The stock market kept going up on Monday, with the S&P 500 setting another record and other major benchmarks finishing higher by as much as half a percent. Investors shrugged off scary news of an explosion in New York City and instead focused on the likelihood of tax reform and economic progress moving into 2018. Yet even though the overall market continued its upward trend, some stocks missed out on the rally. SCANA (SCG), Glaukos (GKOS 1.45%), and Juno Therapeutics (JUNO) were among the worst performers on the day. Below, we'll look more closely at these stocks to tell you why they did so poorly.
SCANA gives up on nuclear project
Shares of SCANA fell over 7% after the parent company of South Carolina Electric & Gas said it would offer to give fellow utility company Santee Cooper the land on which SCANA had initially intended to build a nuclear reactor. The principal contractor on the project declared bankruptcy earlier this year, and that led SCANA and Santee to abandon their joint venture to build the reactor back on July 31. SCANA is trying to give up the property in order to claim a tax loss of roughly $2 billion, getting back a portion of the much larger amount that it has spent on the project thus far. Nevertheless, customers will end up footing a big part of the bill on the project without necessarily ever getting any power from it.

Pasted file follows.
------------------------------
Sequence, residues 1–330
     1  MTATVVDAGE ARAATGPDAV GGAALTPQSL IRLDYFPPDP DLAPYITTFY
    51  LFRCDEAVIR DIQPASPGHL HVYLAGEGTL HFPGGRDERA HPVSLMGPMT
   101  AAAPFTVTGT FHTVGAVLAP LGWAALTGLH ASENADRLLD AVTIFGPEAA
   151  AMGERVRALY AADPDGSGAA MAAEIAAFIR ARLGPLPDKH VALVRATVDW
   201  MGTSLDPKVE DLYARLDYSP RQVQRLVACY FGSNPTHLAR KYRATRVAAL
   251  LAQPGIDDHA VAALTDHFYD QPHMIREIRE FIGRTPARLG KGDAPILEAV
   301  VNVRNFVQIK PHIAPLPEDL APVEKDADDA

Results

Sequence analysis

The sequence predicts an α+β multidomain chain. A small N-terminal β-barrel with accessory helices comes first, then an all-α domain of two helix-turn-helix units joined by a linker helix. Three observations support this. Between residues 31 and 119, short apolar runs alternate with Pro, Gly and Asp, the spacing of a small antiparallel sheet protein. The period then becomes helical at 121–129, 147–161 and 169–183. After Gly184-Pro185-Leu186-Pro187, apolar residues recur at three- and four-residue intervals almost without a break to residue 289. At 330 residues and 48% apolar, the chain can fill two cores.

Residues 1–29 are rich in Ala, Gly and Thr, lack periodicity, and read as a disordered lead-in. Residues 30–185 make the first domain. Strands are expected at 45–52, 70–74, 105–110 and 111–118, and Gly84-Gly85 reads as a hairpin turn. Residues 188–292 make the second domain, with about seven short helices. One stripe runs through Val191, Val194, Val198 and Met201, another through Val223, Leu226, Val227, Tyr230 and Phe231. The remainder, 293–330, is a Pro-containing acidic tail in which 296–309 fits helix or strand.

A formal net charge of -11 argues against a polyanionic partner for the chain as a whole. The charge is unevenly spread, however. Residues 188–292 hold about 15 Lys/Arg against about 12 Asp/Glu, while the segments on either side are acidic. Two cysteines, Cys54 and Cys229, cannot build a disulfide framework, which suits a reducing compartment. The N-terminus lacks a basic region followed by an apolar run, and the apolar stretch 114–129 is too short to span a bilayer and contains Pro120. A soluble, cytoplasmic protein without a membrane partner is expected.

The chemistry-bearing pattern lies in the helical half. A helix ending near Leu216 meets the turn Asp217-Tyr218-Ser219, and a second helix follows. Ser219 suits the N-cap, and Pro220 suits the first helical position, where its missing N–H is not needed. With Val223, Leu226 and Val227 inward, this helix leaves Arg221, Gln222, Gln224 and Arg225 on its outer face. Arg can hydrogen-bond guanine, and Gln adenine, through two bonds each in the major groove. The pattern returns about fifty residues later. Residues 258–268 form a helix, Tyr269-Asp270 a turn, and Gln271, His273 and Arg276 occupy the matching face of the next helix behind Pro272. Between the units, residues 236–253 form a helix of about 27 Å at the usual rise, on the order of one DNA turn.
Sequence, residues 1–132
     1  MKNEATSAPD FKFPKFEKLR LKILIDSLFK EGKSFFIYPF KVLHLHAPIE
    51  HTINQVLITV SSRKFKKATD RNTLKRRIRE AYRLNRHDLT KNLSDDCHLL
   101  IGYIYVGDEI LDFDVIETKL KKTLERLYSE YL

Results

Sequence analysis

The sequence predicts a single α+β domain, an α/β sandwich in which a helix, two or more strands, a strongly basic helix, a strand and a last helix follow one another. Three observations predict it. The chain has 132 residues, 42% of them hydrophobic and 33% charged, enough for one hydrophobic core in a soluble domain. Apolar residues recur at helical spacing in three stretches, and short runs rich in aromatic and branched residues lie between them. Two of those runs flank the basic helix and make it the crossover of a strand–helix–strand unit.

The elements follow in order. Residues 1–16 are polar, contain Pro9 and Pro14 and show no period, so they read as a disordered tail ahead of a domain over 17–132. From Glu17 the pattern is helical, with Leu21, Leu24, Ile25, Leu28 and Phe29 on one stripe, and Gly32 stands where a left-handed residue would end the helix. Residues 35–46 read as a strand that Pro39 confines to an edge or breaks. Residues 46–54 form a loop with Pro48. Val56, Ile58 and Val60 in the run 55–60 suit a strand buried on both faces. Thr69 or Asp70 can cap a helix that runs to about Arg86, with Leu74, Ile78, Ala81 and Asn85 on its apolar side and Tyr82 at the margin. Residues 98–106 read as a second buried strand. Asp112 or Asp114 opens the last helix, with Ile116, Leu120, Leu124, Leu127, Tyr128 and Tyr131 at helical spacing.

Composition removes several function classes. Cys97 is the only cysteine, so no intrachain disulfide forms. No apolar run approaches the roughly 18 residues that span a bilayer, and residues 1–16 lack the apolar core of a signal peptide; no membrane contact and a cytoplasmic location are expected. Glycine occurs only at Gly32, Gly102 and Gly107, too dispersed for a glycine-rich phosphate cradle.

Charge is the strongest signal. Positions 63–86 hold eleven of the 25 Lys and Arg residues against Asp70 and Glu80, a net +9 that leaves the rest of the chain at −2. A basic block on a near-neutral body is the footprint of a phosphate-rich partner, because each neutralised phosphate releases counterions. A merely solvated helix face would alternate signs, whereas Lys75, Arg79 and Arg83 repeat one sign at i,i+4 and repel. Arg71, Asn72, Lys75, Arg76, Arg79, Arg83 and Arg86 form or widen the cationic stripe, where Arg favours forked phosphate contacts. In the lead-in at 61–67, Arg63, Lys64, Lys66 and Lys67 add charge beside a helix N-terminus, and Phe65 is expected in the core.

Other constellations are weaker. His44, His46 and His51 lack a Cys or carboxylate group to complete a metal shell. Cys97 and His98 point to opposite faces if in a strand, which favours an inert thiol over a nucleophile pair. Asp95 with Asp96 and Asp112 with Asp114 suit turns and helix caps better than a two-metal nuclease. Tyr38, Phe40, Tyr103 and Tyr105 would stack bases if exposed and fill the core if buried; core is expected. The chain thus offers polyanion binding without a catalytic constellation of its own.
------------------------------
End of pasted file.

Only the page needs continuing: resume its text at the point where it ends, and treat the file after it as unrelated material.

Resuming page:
Glaukos deals with lower reimbursements
Glaukos stock fell 4% in the wake of speculation that the medical device maker might face lower physician payments for medical professionals that use its stent products. Glaukos' iStent treatment has been popular for treating various eye diseases, but reports have surfaced that at least one provider of healthcare coverage, Palmetto Health, might have lowered the rate at which physicians get reimbursed after using the product. Lower reimbursements make it less likely that doctors will use the products, and while investors hope that Glaukos will be able to overcome this temporary obstacle, there's no guarantee that the company's biggest potential blockbusters will pay off for Glaukos in the long run.
Juno deals with disappointment
Finally, shares of Juno Therapeutics fell 14%. The biotech company presented data on its JCAR017 candidate treatment for non-Hodgkin lymphoma at a conference over the weekend, but even though the results were encouraging, they nevertheless weren't quite as overwhelmingly great as some investors had hoped to see. With considerable competition among treatments that are similar in type to JCAR017, Juno will need to demonstrate a strong competitive advantage for its drug in order to keep rivals at bay. That could be a challenge, and investors seem nervous about Juno's ability to get the job done in the long run.